Heritage

Grace Kelly's Grandson, Pierre Casiraghi, Is Sailing with Climate Activist Greta Thunberg

Casiraghi owns one of the few carbon-neutral racing boats in the world.
IMAGE ARNOLD JEROCKI / GETTY IMAGES
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Teenage environmental activist Greta Thunberg has made worldwide headlines for her carbon-neutral journey to the UN Climate Action Summit in New York. Her willingness to spend two weeks aboard a boat, eating astronaut-style food sachets and living without a real toilet, is undeniably impressive. But the person who's made it possible is perhaps even more surprising: Monegasque royal Pierre Casiraghi, Grace Kelly's grandson.

Casiraghi is a sailboat racer and owner of the Malizia II, a boat recently outfitted to be carbon-neutral. "We are probably one of the few boats in the world that is totally zero fossil fuel," the royal said in an interview with the Times.

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Greta Thunberg (center left) and Pierre Casiraghi (center right) aboard the carbon-neutral sailboat.
Photo by KIRSTY WIGGLESWORTH / GETTY IMAGES.

As he tells it, Casiraghi heard that Thunberg was looking for a sustainable way to cross the ocean for the summit, and he reached out. "They had a lot of questions and they had been exploring different kinds of boats to get across," he said. "We explained this is a racing boat, that there is little comfort on the boat, but she seems fine with that."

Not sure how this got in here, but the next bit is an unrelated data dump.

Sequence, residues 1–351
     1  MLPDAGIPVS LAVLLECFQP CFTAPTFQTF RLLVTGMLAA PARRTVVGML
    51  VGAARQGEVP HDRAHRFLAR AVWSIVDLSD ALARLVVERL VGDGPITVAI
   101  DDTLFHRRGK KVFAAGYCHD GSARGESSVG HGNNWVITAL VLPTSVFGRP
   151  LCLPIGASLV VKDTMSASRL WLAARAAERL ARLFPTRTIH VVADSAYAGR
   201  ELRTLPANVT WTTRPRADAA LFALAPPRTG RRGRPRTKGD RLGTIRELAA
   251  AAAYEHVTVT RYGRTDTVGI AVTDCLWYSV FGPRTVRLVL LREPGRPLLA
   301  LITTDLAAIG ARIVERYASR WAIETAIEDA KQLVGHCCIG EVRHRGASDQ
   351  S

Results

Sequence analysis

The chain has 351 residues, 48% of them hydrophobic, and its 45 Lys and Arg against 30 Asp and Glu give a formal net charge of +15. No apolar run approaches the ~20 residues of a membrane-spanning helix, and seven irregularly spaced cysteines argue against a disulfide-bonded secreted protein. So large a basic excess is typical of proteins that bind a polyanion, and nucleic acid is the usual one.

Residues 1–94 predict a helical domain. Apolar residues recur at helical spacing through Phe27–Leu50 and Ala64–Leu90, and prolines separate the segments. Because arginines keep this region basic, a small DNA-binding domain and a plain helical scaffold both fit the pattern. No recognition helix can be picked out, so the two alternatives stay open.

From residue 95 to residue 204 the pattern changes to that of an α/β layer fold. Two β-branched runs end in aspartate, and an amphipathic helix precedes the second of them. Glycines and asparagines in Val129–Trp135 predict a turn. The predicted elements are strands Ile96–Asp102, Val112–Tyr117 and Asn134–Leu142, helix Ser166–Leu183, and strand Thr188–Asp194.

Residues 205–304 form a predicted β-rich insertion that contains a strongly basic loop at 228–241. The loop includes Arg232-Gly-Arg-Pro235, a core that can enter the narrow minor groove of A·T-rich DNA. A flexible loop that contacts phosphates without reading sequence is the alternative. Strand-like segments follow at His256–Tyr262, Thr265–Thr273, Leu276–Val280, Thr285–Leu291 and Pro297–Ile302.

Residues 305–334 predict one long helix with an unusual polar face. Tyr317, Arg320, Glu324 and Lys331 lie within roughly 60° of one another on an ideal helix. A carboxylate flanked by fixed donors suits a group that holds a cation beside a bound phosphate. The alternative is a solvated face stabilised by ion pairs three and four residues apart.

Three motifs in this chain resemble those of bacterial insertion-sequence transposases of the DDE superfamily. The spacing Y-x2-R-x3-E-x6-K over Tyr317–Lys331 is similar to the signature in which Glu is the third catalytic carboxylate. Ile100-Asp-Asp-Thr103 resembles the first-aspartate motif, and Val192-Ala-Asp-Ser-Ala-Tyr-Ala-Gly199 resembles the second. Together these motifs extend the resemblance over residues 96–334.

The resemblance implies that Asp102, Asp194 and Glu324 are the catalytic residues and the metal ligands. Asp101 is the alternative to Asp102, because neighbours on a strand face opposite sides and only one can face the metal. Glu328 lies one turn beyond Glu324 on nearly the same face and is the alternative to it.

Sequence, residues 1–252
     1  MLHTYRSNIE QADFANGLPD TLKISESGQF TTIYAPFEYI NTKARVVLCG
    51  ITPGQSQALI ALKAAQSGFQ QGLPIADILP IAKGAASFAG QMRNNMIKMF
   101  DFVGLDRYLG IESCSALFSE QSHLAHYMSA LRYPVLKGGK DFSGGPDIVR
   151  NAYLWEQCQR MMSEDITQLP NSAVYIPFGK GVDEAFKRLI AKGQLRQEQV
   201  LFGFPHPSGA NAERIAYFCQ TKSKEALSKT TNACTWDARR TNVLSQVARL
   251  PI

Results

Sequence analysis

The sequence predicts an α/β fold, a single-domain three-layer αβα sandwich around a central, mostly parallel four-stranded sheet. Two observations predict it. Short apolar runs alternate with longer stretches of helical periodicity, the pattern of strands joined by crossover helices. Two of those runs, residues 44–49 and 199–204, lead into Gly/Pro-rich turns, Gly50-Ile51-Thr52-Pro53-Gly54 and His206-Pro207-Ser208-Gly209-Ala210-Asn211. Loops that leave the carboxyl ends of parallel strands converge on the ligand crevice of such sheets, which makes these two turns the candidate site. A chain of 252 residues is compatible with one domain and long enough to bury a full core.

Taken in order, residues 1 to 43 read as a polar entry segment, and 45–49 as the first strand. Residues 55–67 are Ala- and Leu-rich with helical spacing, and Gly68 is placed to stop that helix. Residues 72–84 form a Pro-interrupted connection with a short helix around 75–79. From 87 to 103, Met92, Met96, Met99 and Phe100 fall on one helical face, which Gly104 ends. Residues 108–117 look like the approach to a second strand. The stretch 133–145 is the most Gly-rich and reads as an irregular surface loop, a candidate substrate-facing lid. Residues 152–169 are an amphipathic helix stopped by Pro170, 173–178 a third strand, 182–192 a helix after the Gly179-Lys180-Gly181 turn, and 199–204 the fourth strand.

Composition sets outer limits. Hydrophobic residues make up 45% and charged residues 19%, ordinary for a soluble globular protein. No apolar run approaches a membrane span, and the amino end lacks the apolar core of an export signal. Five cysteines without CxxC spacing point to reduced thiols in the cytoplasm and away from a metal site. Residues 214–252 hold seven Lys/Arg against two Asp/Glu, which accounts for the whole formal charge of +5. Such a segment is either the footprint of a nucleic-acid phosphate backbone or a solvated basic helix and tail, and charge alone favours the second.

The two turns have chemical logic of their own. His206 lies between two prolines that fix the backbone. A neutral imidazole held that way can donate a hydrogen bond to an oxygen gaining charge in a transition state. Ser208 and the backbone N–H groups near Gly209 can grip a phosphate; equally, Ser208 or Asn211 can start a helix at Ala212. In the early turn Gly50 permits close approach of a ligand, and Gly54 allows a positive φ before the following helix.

Casiraghi and his sailing partner Boris Herrmann are handling the actual sailing, sharing one bunk, while Thunberg, her father, and a cameraman occupy the other three.

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Pierre Casiraghi and Boris Hermann racing earlier this year.
Photo by ARNOLD JEROCKI / GETTY IMAGES.

So what do his fellow Grimaldis think of his latest endeavor? Casiraghi points out that this kind of thing runs in his blood. "My ancestor was the first admiral of the French king against the English in the Hundred Years’ War." His grandfather, Prince Rainier II, was also good buddies with Jacques Cousteau.

Plus, there's danger everywhere. "You can trip on the boat and break your arm, but you can do that at home," he shrugs.

*This article originally appeared on Townandcountrymag.com

*Minor edits have been made by the Townandcountry.ph editors

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